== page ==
Names, it was believed, don’t really matter. A rose by any other name would smell as sweet, Shakespeare once wrote. But things have drastically been changing, particularly after the advent of social media. Cricketer Zaheer Khan, for example, recently announced his engagement to actor Sagarika Ghatge. And congratulatory messages started pouring on the wall of journalist Sagarika Ghose instead. Interestingly, Indian coach Anil Kumble and Khan’s current IPL franchise Delhi Daredevils were leading the pack on Twitter before they realized and deleted the posts.
The Snapchat-Snapdeal chaos is a glaring illustration of confusion, rather ignorance, prevailing across the social media. After Snapchat’s CEO Evan Spiegel was accused of saying that he didn’t want to expand to ‘poor nations’ like India and Spain, social media users started down-rating Snapdeal instead of the chatting app.
The case involving Singer Sonu Nigam, who stirred up a storm when he tweeted his displeasure over being woken up by the morning Azaan, is yet another example of mistaken identity. His remarks on “forced religiousness” sparked a lot of anger and debate. All thanks to the hashtag #BoycottSonu, Twitterati got confused between Sonu Nigam and Sonu Sood, and many started trolling the ‘Happy New Year’ actor instead.
The case of mistaken identity had almost ruined the Indian Premier League (IPL) dreams of a promising young cricketer, Harpreet Singh. The social media news updates had mixed up the names of Mumbai left-arm spinner Harmeet Singh and in-form Madhya Pradesh batsman, Harpreet Singh. This had resulted in Harpreet not being chosen by any of the IPL franchises in February this year. During the IPL auction, several news portals had misreported Harpreet Singh as the cricketer who broke the law as he drove a car into the Andheri station. But it was, in fact, Harmeet Singh, who allegedly drove a car into the Andheri station. Though the names in the news updates were corrected later but it was too late. Royal Challengers Bangalore has finally signed up the Madhya Pradesh all-rounder.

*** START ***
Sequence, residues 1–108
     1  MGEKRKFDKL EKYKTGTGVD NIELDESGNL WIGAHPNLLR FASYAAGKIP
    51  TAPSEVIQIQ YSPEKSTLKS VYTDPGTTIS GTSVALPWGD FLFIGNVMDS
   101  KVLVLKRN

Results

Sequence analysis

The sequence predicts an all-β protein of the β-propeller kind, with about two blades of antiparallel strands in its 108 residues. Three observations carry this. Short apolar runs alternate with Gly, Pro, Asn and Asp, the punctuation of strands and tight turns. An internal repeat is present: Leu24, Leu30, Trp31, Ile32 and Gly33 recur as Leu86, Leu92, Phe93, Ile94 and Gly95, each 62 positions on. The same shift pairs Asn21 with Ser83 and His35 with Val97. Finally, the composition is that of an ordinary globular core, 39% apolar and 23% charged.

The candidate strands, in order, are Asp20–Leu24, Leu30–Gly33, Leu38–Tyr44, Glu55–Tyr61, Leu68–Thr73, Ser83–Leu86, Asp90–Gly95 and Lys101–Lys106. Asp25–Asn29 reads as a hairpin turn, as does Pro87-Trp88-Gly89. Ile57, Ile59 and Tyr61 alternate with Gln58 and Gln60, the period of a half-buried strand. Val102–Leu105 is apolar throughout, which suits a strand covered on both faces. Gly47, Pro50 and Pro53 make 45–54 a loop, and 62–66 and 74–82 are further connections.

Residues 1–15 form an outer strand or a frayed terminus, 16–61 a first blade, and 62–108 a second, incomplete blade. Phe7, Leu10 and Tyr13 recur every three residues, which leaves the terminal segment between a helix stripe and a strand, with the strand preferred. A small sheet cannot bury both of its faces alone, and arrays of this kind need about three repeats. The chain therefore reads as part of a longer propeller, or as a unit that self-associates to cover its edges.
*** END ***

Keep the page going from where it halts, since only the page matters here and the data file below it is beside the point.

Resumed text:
Thus, more people are getting worried and cautious about their names as it may make or mar their career. A few of them are doing it offline and for entirely different reasons. The new Uttar Pradesh chief minister’s name plate outside his residence was changed around half a dozen times in less than a fortnight of taking charge of the state. It was changed thrice from Yogi Adityanath to Aditya Nath Yogi to the latest Yogi Aditya Nath just before he made an official entry into his 5 Kalidas Marg home on the first day of Navratra – the nine day period considered auspicious by Hindus.
Amending names is too common among celebrities and politicians in India. But think about the level of confusion among public if there were two prominent people from the same field with exactly same names. During a city council election in Japan early this year, two independent candidates had identical names. Both men were known as Shigeru Aoki. There could be many ways to write a name in Japanese with the same pronunciation. But in this case both — the older incumbent and the younger newcomer —used the same Chinese characters.
Votes were cast by writing the candidate’s name on a ballot paper. Two avoid confusion, election officials asked voters to add their preferred candidate’s age, or the words “incumbent” or “challenger” to their ballots to clarify their choice. Later on, ballots with unclear distinctions or none were split between the two Aokis in proportion to their clearly identifiable vote totals.
Just wondering what would have been the case if a similar situation had arisen in India. Imagination is simply running wild, particularly when one visualizes their social media pages.